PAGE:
It’s not every year that picking a top 10 list becomes difficult. Usually, one scrambles just to come up with 10 quality releases. And this year seemed much of the same: a slog through the early part of 2009, a summer filled with mindless blockbusters and occasional surprise gems, and a fall spiked with Oscar wannabes and never-bes. Only this time, it was tough to whittle a list of 20 very good movies down to ten. But we finally managed to get the chore done anyway, resulting in the following list, which, for better or worse, stands as a testament to quite an eclectic year of moviegoing. So here goes, in order of preference:
A Serious Man: Ethan and Joel Coen get a little more serious after their throwaway Burn after Reading with this look at the life of a dysfunctional Jewish family (is there any other kind?) in mid-1960s Minnesota. Darkly humorous, wonderfully acted by a no-name cast and offering great period schtick, this Orthodox version of Barton Fink will leave you with an appreciation of the Jefferson Airplane and rabbis that you may not have had before.
Taking Woodstock: Another 1960s reverie, Ang Lee’s meditation on the landmark concert happening could be the most misunderstood film of the year. Those who complained that there wasn’t any concert footage in the film just didn’t get it. The movie chose instead to focus on the machinations behind the scenes to get the concert staged, and how a group of diverse real people got caught up in the monumental project at that magical moment in time.
Avatar: You hated him for stating he was “King of the World,” but 12 years later, you forgive, especially when he delivers this revolutionary action-fantasy-adventure that plays like Apocalypto on acid. Forget some of the creaky dialogue, stock characters and allusions to Dances with Wolves and James Cameron’s own cinematic repertoire. Settle back and be dazzled by nothing less than the most visually amazing movie ever made.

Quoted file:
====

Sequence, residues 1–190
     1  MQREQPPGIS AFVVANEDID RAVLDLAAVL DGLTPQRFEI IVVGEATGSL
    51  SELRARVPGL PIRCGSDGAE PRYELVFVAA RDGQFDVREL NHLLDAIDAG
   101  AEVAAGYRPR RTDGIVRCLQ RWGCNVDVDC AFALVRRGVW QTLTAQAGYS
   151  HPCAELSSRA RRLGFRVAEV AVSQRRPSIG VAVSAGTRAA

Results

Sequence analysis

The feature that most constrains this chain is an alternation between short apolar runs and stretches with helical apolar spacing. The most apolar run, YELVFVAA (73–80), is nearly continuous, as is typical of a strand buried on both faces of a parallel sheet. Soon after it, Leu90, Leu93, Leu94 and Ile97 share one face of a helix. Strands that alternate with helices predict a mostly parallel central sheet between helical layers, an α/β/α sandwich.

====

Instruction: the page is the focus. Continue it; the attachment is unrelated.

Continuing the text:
Anvil: The Story of Anvil: Documentaries don’t come any funnier—or sadder—than this look at a now-forgotten Canadian heavy metal band and its two key members, who attempt to make a comeback. Their European tour, filled with bad management decisions, poor attendance, and rifts between band members, is the stuff that appears so Spinal Tap it’s hard to believe it really happened. The happy ending is that this sad-sack chronicle received enough attention that Anvil actually recharged their moribund career.
The Fantastic Mr. Fox: Wes Anderson brings his brand of idiosyncratic family fable into the old-fashioned realm of stop-motion animation with this totally enchanting saga of a fox clan’s foibles. Smart, witty and wonderfully voiced by George Clooney, Meryl Streep, Bill Murray and company, the film delivers the fully realized promise Anderson has tinkered with since Rushmore and then some.
The Hurt Locker: They don’t come much more intense than Kathryn Bigelow’s study of bomb demolition experts’ death-defying existence in Iraq. Bigelow’s economical style is perfectly suited to the hellish sights and sounds experienced by the soldiers who put their lives on the line, as well as their hearts and minds, each day. The breakout cast features Jeremy Renner, Anthony Mackie, and Brian Geraghty. War is a drug, indeed.
(500) Days of Summer: A rollercoaster romance properly fitted to a rollercoaster movie, with Joseph Gordon-Levitt in a change-of-pace role as a nice guy aspiring architect/greeting card writer who falls for company secretary Zooey Deschanel and discovers the painful pangs of romantic obsession. Sharply written, observed, and acted, this is a winning first-time feature effort from music video vet Mark Webb.
The Hangover: A really funny guy’s guy movie that works wonderfully, thanks to its no-hold-barred attitude and amazingly gung-ho ensemble cast. Lewd, crude and rude, the film huffs and puffs to be funny—and succeeds almost all of the time. And Judd Apatow wasn’t even involved!
In The Loop: More Wag the Dog than Dr. Strangelove, this spinoff of the British series The Thick of It presents an eye-opening, oft-hilarious look at the politics of war—and the politicians who’re capable of screwing up the world because of pettiness, jealousy and ego. The crack cast includes James Gandolfini as a U.S. military officer, Peter Capaldi as the profane British press secretary, and Tom Hollander as the minister of development who continually puts dress shoe in mouth.
Sugar: A baseball movie that’s not just about the national pastime, Sugar is a quiet, brilliantly observed look at the odyssey of a Dominican pitching prospect’s adventures in America. Showcasing several newcomers in lead roles, the beautifully realized work from Ryan Fleck and Anna Boden (Half Nelson) presents an affecting outsider’s perspective on baseball and America from the view of two perceptive insiders.